If a player feels they have discovered something rare or unique (even if that discovery is otherwise useless) they will usually feel a sense of satisfaction.

Consider some way of skipping or reducing the duration of tedious travel time. Teleports might skip travel, or a horse rather than walking might make it faster.

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For me the main joy of wandering in the wilderness is:
1. The chance of finding some unmarked quest or secret content.
2. Great views.
3. Random encounters.

It's even better if the "random encounters" have some procedural element to them, e.g. carnivore attacking herbivores, normally non-hostile herbivore attacking if it's young are nearby, etc.

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Make them react to player. Scaring butterflies off flowers can sometimes amuse me for hours.

I will keep this in mind, more of a gimik, but at least entertaining.


I liked the wilderness in Red Dead Redemption.

Never played RDR, but from what I watch on youtube, it seems to be quite large. My wilderness is a lot smaller.


I'd really love to lose myself in a neverending forest and come across a deserted/ruined cabin with some lore

I think that this would be the ultimate goal, but the content creation to archive this is just too expensive at the moment. Maybe a procedural approach, hmmm.


1. The chance of finding some unmarked quest or secret content.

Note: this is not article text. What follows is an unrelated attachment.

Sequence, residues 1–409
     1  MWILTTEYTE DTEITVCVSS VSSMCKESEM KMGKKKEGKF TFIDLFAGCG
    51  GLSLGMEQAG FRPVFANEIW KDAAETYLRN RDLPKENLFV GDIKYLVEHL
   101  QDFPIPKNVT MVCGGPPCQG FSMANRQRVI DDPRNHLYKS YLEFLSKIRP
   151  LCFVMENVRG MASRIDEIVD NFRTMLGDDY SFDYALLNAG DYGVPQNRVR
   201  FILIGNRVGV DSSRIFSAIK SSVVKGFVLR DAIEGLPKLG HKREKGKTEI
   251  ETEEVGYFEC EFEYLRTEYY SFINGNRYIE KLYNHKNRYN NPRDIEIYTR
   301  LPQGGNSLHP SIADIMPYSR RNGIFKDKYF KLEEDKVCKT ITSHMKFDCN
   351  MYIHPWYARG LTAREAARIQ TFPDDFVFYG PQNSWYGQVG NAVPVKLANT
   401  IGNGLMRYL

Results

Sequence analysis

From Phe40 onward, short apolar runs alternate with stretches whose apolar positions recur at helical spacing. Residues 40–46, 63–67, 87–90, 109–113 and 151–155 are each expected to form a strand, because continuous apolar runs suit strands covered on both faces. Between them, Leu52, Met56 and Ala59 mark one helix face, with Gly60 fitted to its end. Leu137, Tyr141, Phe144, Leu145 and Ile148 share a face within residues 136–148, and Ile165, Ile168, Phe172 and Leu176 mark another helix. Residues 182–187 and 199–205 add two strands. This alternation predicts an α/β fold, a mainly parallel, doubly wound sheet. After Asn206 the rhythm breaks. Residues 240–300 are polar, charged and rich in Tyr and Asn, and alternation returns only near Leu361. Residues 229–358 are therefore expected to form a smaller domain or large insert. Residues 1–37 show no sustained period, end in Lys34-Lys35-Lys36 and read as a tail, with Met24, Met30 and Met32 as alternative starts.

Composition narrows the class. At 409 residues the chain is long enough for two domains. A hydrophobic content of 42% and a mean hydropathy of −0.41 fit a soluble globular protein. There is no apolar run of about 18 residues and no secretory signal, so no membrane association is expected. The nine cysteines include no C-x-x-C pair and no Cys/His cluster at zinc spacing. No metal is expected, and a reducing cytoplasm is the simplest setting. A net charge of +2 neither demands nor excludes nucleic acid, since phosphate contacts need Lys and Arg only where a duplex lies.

2. Great views.
3. Random encounters.

This is in line with what Orymus sugguested. But there are already other parts in the level which fullfill this task,hmm..


If your wilderness isn't interesting and traveling through it is just filler between the real content then you might consider removing it entirely.

I think that I will start with removing most of the wilderness until I have the time to create one of the sugguested secret locations/random encounters.

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I might modify my statement a little... a wilderness doesn't necessarily have to have all those elements, but I feel that it should at least offer the promise of those things. If you know nothing will happen for the next 2 minutes walking, it's annoying. If you're constantly looking out expecting something may happen, it can be fun. So offer tunnels, canyons, hills, leaves blowing in the mid-ground to keep the player alert. But yeah... don't put too much empty pointless space in. And let people skip past it later, e.g. teleport to discovered waypoints.